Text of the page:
With Chicago’s ongoing migrant crisis becoming more pronounced by the day, local activist Tio Hardiman is calling on Chicago Mayor Brandon Johnson to reverse policy when it comes to its sanctuary city status.
“I was one of the first community leaders to call for a reversal,” Hardiman told The Center Square. “I’m happy to see a lot of other people getting on the bandwagon now. We have too many issues to fix in Chicago right now to be trying to fix an issue that was self-created.”
Hardiman argues the reasons for his position are as apparent as they are endless.
“There have been over 7,400-plus armed robberies in Chicago this year; over 540 people have been killed and the crime continues to increase,” he said. “Now, we have a mayor spending more time attempting to fix a crisis that was created by bad policy.”
Hardiman further estimates that there are already thousands of homeless people spread across the city with the government not doing nearly enough to address the issue, he said.
“Now, all of sudden you want to go meet with the president to try to secure $5 billion to deal with this particular migrant crisis,” he said of Johnson’s recent request alongside other mayors impacted by the crisis. “I feel it’s a slap in the face of all the people of Chicago.”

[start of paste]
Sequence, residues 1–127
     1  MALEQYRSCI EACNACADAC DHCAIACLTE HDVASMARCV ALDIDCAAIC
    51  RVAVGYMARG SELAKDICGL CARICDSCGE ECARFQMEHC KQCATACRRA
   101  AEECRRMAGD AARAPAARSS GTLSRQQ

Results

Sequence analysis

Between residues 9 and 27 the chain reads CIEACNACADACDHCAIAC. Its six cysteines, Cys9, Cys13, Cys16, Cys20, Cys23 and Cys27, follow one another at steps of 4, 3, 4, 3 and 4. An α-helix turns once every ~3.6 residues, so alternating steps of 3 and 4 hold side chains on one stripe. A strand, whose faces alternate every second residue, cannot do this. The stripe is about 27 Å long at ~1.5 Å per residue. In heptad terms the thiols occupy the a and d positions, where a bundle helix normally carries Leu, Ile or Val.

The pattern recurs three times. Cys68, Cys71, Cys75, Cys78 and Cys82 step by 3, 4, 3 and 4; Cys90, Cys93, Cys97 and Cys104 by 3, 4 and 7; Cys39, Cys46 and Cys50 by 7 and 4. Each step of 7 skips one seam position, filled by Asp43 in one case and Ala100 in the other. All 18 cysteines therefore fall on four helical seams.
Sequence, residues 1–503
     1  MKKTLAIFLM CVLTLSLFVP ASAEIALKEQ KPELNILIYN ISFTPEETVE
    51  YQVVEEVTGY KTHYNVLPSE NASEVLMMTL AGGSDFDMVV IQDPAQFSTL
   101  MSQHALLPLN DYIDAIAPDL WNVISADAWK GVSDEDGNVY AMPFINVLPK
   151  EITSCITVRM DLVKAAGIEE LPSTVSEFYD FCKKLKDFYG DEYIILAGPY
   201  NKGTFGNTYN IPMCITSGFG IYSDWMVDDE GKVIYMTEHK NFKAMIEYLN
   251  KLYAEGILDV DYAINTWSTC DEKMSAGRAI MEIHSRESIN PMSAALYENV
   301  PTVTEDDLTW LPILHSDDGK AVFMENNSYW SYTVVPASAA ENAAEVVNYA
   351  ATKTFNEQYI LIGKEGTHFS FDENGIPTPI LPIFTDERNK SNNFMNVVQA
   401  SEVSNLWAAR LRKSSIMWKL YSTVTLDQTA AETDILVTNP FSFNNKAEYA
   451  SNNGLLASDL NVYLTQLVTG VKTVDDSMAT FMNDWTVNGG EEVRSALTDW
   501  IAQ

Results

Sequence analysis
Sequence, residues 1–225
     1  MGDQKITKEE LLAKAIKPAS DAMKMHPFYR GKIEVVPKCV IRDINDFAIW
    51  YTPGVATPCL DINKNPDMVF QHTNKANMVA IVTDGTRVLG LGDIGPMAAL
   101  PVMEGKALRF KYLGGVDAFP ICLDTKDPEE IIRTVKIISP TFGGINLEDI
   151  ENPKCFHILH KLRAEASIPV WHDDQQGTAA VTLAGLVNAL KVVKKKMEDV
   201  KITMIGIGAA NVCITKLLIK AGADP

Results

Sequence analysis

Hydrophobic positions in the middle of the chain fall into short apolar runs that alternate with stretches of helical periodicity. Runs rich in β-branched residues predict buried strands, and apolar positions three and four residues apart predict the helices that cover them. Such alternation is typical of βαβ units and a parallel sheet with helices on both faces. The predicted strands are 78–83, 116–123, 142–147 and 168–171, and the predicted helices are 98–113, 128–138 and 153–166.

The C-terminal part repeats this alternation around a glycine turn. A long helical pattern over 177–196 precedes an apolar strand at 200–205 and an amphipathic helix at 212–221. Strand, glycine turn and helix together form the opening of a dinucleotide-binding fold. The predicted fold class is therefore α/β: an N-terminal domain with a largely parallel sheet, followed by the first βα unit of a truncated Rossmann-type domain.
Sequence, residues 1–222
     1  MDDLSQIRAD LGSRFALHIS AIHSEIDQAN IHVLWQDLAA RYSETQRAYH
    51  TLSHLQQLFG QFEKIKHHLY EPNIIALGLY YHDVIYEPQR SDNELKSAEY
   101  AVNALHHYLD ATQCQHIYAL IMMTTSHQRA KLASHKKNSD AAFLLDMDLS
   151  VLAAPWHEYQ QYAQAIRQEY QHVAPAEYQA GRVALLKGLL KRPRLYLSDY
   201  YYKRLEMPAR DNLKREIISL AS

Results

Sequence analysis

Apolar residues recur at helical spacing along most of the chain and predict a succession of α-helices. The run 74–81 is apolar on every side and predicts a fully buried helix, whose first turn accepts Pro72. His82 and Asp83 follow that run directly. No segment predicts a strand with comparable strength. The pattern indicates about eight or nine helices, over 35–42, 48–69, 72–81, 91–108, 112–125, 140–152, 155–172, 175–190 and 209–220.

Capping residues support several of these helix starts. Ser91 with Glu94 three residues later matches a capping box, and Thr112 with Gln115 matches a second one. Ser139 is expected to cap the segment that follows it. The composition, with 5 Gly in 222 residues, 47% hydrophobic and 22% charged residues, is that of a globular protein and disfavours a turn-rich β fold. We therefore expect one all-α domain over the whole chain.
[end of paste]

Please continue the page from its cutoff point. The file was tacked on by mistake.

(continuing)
Given all of Chicago’s other pressing issues, Hardiman argues the money could be much better spent in other areas in the push to get the city back on the right track.
“Why not ask for $5 billion to hire a lot of these young guys in Chicago that are committing crimes,” he said. “Let’s raise $5 billion to get them off the streets … provide some type of employment to help them and reduce the gun violence. It’s like a plague of violence roaming around our city right now … and all of a sudden you step up to the plate for people coming from a distant land.”
In penning a letter seeking the additional funding, Johnson was joined by fellow big city mayors from New York, Los Angeles, Houston and Denver, all of which have also seen a steady influx of recent migrant arrivals as so-called sanctuary cities.